Anyone interested in ideological foundation of contemporary culture should read R. Williams’ Keywords

In 1976, British cultural philosopher and novelist Raymond Williams published Keywords: A Vocabulary of Culture and Society, which analyzed the origins and uses of 110 words that are important to the way we organize concepts about society and politics. Forgotten now by most, Williams was once a key theoretician of the New Left. A random sampling of the words he analyzed suggests how deeply Williams dug into the thought structures that form how we look at a broad range of human phenomena: unemployment, revolution, underprivileged, consumer, alienation, technology, family, genetic, experience capitalism and cover the full range of human experience, including politics, economics, society, culture, the arts, science and religion. Williams focuses on British word uses, but also covers this side of the Atlantic.

Oxford University Press has now republished the updated edition of Keywords that came out in 1983, and it is a treasure for anyone interested in the ideological basis of contemporary culture. While Hip-Hop culture, blockbuster movies, text messaging, social media and digital technology have all contributed copious words and phrases to our cultural vocabulary since the mid-1980s, little has changed in the basic concepts by which we understand society and formulate actions. Far from obsolete, Keywords still lives and breathes the assumptions of capitalism and the consumer society.

Here are a few of the many insights I have culled from reading Keywords:

  • Many words with positive associations, like interesting and improve have their origin in financial matters. Interesting derives first from having an interest in land or a business operation and then getting interest on an investment; improve and improvement first applied to land and economics before people started using it generally to denote making something better. As Williams writes, about interesting: “It seems probable that this now central word for attention, attraction and concern is saturated with the experience of a society based on money relationships.” The language certainly underscores my theory that contemporary society reduces all human relations and experiences to buying and selling.
  • Consume and consumer originally had a negative connotation, meaning “to take up completely, devour, waste, spend.” A disease of the lungs was even named consumption. American advertising has now transformed consumer into a positive trait. Consumer still focuses on using up something, i.e., what manufacturers produce. We use it positively, as in consumer choice and negatively, as in consumer society. But—to quote Williams, “the predominance of the capitalist model ensured its widespread and often overwhelming extension to such fields as politics, education and health.” For the most part, to consume is now a very good and admirable thing.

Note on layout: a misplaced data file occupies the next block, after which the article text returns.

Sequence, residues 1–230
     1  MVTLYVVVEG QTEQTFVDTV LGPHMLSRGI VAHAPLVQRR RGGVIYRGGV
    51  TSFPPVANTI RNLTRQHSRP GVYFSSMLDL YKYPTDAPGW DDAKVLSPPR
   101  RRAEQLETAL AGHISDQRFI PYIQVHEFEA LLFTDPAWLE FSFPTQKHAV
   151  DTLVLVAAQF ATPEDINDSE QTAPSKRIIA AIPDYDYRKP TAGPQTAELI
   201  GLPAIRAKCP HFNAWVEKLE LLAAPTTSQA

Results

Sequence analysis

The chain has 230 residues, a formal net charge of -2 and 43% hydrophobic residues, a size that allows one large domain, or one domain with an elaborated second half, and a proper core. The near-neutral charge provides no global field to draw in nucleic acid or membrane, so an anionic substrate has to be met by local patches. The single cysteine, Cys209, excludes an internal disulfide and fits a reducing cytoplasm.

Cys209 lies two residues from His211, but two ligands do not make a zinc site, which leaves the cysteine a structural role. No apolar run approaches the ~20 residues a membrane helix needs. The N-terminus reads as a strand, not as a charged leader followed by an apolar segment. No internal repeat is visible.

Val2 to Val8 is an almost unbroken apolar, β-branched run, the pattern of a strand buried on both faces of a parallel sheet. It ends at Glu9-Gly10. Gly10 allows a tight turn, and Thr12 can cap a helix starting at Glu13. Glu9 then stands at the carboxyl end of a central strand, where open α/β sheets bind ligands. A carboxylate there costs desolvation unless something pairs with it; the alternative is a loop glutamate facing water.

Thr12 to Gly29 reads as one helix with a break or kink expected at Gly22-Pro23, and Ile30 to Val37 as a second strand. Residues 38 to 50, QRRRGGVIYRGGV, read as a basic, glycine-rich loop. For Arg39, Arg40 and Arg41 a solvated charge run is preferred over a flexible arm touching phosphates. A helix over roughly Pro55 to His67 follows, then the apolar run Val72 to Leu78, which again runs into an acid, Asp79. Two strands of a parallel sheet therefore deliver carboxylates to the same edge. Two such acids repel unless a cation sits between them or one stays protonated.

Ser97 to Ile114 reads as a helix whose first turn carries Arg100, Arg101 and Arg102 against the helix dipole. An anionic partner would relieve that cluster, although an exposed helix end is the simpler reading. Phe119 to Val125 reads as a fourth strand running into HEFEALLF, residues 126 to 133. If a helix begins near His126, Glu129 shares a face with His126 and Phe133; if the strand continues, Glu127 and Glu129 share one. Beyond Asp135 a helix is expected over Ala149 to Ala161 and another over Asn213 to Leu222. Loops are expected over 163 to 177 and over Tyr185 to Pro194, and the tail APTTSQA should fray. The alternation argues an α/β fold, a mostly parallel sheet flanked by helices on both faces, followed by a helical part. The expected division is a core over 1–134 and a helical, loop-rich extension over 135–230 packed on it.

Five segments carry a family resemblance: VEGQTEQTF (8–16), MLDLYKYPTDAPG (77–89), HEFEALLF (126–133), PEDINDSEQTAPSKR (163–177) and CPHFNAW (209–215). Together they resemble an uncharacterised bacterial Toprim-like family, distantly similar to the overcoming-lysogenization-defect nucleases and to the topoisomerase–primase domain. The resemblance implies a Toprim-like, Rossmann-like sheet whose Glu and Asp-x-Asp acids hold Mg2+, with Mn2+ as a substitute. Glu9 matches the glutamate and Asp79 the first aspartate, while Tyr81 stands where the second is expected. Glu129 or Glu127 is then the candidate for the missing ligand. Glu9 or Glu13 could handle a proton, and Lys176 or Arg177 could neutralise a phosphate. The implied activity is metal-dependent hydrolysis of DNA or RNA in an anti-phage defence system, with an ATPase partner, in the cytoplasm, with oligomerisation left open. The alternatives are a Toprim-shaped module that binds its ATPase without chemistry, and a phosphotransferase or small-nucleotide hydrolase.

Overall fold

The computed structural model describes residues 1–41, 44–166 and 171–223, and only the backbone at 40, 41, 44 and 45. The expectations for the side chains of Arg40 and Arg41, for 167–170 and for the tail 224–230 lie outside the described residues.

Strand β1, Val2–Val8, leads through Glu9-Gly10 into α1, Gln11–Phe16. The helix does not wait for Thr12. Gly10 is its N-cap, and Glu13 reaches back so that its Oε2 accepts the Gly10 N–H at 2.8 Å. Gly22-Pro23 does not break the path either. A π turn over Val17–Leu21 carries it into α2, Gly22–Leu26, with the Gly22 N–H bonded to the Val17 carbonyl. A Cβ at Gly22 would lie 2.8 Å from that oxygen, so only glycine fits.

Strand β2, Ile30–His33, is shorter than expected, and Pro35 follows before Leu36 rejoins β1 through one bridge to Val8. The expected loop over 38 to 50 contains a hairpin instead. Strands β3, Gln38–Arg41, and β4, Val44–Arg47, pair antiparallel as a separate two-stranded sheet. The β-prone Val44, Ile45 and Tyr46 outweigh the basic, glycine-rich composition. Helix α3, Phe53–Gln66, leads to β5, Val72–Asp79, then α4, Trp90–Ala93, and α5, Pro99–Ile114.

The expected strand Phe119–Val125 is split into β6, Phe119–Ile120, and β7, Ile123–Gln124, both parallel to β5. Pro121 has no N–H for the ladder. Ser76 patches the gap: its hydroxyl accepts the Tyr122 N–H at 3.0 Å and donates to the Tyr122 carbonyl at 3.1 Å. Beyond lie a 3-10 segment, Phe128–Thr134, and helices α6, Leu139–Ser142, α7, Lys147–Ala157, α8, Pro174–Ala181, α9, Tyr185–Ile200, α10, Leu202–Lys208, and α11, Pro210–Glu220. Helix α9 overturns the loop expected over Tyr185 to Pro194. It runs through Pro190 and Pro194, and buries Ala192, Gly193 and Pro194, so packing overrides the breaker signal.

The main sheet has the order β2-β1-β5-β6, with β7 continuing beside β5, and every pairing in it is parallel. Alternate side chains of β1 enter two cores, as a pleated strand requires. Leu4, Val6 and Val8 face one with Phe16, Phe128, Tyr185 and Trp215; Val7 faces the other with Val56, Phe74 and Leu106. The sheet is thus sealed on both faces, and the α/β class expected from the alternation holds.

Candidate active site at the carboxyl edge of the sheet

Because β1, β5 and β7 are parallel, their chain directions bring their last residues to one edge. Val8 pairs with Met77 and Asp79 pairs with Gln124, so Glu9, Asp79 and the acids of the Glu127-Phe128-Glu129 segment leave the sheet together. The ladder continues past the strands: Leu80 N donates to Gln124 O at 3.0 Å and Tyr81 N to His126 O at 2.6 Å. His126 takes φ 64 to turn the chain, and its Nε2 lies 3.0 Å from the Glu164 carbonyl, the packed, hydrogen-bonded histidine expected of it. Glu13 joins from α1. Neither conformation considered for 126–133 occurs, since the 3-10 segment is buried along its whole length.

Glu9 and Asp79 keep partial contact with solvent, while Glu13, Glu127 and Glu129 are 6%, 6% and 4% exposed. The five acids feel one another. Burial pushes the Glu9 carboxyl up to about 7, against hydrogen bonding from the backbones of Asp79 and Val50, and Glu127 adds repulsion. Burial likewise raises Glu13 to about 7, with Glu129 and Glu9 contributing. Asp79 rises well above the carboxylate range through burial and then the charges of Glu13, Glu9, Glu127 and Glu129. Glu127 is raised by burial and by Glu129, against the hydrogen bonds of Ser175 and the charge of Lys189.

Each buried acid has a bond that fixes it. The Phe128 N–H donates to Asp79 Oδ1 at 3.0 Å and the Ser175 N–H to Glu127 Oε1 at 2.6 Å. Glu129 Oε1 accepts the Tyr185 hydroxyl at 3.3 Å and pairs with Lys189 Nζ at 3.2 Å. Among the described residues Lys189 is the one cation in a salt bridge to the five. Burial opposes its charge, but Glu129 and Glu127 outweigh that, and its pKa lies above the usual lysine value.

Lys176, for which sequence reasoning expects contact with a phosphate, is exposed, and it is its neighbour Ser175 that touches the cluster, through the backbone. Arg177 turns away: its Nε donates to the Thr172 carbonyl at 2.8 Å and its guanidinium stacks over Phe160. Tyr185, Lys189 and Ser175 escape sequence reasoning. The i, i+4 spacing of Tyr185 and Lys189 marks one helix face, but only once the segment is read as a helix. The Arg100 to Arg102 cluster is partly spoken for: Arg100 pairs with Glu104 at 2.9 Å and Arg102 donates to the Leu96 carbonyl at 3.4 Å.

• Our current confusion about matters of class reflects the confused origins of the words we use to describe the various classes. Lower class originally referred to the lowest ranking in a hierarchical society in which those above were inherently better humans. Middle class, on the other hand, referred from the beginning of its usage only to economic matters and described those in society with middling incomes—not the wealthy and not the poor. Building on the original meaning of the lower classes as inferior beings, the rightwing constantly uses language that delegitimizes the poor, making them seem undeserving of aid and at fault for their condition. This constant undercutting of the claims for social and economic justice for the lower class helps to form a wedge between the middle and lower classes, and influences many in the middle class to align with the wealthy, who have been picking their pockets for centuries, and certainly during the past 35 years. As Williams shows, the centuries-old strategy of the ruling elite to divide and conquer is baked into the language.

Unfortunately, Keywords has gotten the kind of play in the news media reserved for academic studies that prove that public schools do a better job of educating students than private schools do or provide precise details on how wind energy could provide all of our energy needs. In other words, Williams’ masterpiece has been virtually ignored by the mainstream news media. I routinely read book reviews in the following publications: New York Review of Books, Nation, New Yorker, New York Times, Wall Street Journal, Economist, Atlantic, Foreign Affairs and Pittsburgh Post-Gazette. The only one of these periodicals to review Keywords, and the only reason I know about the book, is Nation magazine. A Google News search revealed that Philosophy Now, The Guardian and Purple Revolver also reviewed Keywords, a paltry number compared to the hundreds of reviews of David McCullough’s latest inspirational biography (of the Wright Brothers) and of David Brooks’ right-wing sociology, The Road to Character to be found online.

Our mass media—controlled by a handful of companies which represent the ruling elite (another word Williams covers)—naturally censor thought that does not jibe with the beliefs of their owners. The mass media allows some dissent, but not much. The media does a lot to keep false notions such as creationism, low-tax policies and deregulation alive in everyone’s minds. Meanwhile, embedded in the structure of the language are the ideological assumptions that keep the ultra-wealthy in control. Keywords is an essential book for understanding the underlying or hidden ideology that dominates the English language and therefore our thought processes.

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